Boom! Pow! Whoosh! No, this is not an episode of Batman in the making, but the essential elements of sound every fiction writer must incorporate into their writing.
Many writers are familiar with the ways in which sounds can improve their storytelling. No matter if you write in first person or third person, your story (and ultimately, your readers) benefit when you bring in other senses.
Think about the last time you smelled a freshly baked cake coming out of the oven or watched the tangerine glow of a sunset. Can you smell the sugar and flour hanging in the air or visualize the glowing horizon? In the same way that smell and sight memories trigger our senses, so too can the description of sound help us relate to the action in a story.
What is Onomatopoeia?
Onomatopoeia is a term that describes when a word is formed from the sound associated with what it’s named. Words like sizzle and snap and ping are perfect examples of onomatopoeia you can use not only to describe the sound within description, but the words also stand alone as verbs.
For instance, the word sizzle works well here: “The sizzle of the fajita dish and brightly colored peppers adorning the plate piqued his interest as his mouth began to water.”
Are you hungry yet after reading that? I sure am!
Using the concept of onomatopoeia in your storytelling helps your readers use other senses to understand what is taking place. You want your readers to engage the story, and applying onomatopoeia helps with the idea of “show, don’t tell” many writers adopt in order to enrich their stories.
There is no better place to be as a writer than when a reader feels like they’re part of the action. That participation is essential to your success, so it’s important to incorporate it as often as you can. Adding in sensory elements using onomatopoeia assists this.
Example of Onomatopoeia
One of my favorite examples from over the years working as an editor for fiction writers comes from Jeff Altabef’s SHATTER POINT (no spoilers below). In the scene where sound is a crucial element of storytelling, a character throws a tennis ball against a wall repeatedly during a conversation until his brother knocks it away in annoyance. Readers can almost feel the frustration build as the ball repeatedly hits the wall and experience reliefs as the noise stops.
When working on this scene, it was important to not only incorporate the sound of the ball, but build up the tension. The author and I worked together to get this right because if done correctly, onomatopoeia can put the reader in the setting as if it’s happening in real time, regardless of the book being written in first person or third person (and, rarely in fiction, in second person).
Common Ways to Format Sounds
In your first draft, you might not think a lot about how to format onomatopoeia, and that’s okay so long as you revisit it in the editing stage. You might want to get feedback from other people as you revise so that more than one set of eyes can read the words, and this is especially important when polishing a rough draft.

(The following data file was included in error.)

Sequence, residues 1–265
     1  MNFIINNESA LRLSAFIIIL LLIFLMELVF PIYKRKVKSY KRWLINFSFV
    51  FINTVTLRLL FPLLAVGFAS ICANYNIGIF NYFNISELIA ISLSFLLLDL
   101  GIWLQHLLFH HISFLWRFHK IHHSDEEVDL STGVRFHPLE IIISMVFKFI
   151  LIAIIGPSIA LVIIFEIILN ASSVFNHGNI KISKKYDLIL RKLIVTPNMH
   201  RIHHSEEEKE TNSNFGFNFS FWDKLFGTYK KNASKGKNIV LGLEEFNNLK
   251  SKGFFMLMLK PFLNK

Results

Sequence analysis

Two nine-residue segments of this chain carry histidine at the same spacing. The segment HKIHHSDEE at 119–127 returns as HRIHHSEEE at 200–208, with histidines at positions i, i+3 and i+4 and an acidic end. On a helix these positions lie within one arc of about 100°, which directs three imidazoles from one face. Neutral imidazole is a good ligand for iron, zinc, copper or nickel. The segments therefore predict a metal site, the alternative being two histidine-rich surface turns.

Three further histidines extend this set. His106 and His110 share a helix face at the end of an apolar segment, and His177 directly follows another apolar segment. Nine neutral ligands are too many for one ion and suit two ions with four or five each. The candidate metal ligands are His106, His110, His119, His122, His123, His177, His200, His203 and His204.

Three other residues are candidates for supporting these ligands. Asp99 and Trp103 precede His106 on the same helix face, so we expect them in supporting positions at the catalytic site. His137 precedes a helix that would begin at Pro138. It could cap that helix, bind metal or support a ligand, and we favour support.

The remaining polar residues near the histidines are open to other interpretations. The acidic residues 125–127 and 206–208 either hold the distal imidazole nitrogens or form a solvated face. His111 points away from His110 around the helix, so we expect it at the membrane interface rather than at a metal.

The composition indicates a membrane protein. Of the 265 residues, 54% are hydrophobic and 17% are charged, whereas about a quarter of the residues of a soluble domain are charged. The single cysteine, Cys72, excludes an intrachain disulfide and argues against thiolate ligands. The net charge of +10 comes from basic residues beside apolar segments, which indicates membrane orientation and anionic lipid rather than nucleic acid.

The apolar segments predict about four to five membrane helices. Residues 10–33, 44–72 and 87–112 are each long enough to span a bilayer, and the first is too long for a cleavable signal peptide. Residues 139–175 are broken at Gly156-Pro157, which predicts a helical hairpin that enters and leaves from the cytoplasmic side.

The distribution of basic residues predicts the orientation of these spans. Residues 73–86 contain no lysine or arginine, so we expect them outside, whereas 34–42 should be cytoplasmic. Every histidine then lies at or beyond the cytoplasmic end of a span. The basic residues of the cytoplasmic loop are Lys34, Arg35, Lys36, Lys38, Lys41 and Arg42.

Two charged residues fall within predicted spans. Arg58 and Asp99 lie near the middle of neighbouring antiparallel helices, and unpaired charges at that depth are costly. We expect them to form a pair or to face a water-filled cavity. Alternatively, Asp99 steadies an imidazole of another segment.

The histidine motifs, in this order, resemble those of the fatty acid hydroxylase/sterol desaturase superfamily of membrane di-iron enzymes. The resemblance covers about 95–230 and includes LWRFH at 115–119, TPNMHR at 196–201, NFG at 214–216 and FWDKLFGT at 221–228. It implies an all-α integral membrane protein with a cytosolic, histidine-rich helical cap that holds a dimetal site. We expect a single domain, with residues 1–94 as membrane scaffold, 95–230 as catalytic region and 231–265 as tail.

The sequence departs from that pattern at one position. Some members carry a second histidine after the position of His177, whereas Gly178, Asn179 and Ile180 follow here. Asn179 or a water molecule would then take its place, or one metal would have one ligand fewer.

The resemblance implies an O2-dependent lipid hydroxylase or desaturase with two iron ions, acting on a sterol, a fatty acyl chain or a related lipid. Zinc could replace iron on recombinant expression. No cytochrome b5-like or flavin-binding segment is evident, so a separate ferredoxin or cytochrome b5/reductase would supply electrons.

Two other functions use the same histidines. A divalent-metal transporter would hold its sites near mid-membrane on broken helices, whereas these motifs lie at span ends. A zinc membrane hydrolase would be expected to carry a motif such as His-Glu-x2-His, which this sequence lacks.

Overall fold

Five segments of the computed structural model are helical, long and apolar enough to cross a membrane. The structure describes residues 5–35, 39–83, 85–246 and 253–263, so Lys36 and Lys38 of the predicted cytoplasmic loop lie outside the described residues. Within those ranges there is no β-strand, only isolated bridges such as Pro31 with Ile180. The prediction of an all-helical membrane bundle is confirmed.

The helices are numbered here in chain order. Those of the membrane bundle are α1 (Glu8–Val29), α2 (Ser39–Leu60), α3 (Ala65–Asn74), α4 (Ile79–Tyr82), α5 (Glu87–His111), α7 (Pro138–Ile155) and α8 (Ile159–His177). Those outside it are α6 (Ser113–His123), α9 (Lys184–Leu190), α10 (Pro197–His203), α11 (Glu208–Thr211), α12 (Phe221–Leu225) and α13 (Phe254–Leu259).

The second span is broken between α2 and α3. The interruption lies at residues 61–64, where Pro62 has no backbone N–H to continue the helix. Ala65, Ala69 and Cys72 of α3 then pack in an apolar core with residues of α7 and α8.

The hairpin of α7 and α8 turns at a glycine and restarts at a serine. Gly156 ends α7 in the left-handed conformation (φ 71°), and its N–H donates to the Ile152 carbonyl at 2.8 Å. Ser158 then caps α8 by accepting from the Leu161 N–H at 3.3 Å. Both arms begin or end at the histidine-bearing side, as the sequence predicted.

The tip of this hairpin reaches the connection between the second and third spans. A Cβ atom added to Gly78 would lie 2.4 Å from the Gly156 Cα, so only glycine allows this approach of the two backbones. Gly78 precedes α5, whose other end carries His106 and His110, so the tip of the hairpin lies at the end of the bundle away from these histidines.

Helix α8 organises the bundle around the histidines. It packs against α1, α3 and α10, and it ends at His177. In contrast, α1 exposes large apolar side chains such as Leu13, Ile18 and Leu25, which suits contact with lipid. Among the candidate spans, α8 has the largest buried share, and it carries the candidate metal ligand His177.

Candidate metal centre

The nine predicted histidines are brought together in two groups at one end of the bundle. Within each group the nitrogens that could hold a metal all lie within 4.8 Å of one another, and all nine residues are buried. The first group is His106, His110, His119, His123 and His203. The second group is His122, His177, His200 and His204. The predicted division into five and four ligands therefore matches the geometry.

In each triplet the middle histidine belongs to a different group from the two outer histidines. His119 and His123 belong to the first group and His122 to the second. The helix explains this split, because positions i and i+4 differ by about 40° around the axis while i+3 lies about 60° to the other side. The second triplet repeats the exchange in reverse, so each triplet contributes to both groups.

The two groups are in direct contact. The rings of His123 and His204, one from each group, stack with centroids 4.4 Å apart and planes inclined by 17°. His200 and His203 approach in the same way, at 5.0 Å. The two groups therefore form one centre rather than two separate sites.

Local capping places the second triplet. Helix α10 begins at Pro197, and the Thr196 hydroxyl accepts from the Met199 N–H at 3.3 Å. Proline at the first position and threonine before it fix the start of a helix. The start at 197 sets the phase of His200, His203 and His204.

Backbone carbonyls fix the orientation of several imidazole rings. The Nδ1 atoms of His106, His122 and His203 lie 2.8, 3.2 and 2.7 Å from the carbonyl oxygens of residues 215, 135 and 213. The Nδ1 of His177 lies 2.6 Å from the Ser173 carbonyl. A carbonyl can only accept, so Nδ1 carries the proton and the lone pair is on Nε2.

Below are some examples of formatting onomatopoeia in your later drafts so that you can help a reader understand the significance of an action scene, sound, smell, etc. without taking them out of the story.
First Person Narrative
In general, sounds in fiction are formatted using italics. If the context requires the sound to stand alone for emphasis, it is usually recommended the author use the sound on its own line. If someone is describing sound in first person narrative, there are instances where italics might include dashes.
Or, if you wish to forego the dashes when using a sound in your narrative, you can still use italics and commas to emphasize the onomatopoeia and add a “beat” where appropriate. This formatting parallels human speech and makes it easier for readers to understand the emphasis on the sounds.
I looked up and couldn’t believe what I saw. “Did you see that?” I said to my companion at the table. “One minute he was making his way to the kitchen and then – smash – he ran right through the glass door.”
I looked up and couldn’t believe what I saw. “Did you see that?” I said to my companion at the table. “One minute he was making his way to the kitchen and then smash, he ran right through the glass door.”
Both of the examples above emphasize the unseen action (a person running through a glass door) and someone’s observation of what happened.
Third Person Narrative
Pop! The champagne cork bounced off the wall as Alex and his bride, Virginia, celebrated their nuptials at the reception.
In third person narrative, the rules for formatting onomatopoeia are similar to first person in terms of using dashes; some choose to use them whereas others don’t.
No matter what you choose, make sure it is consistent and reads right. There is nothing worse than trying to emphasize something in your novel only for noticeable formatting differences to take place.
It can be daunting to figure out the how and why of writing sounds into your story, but with a little practice, you can learn to do it in no time! And if you’re still having trouble, contact an editor who can help!
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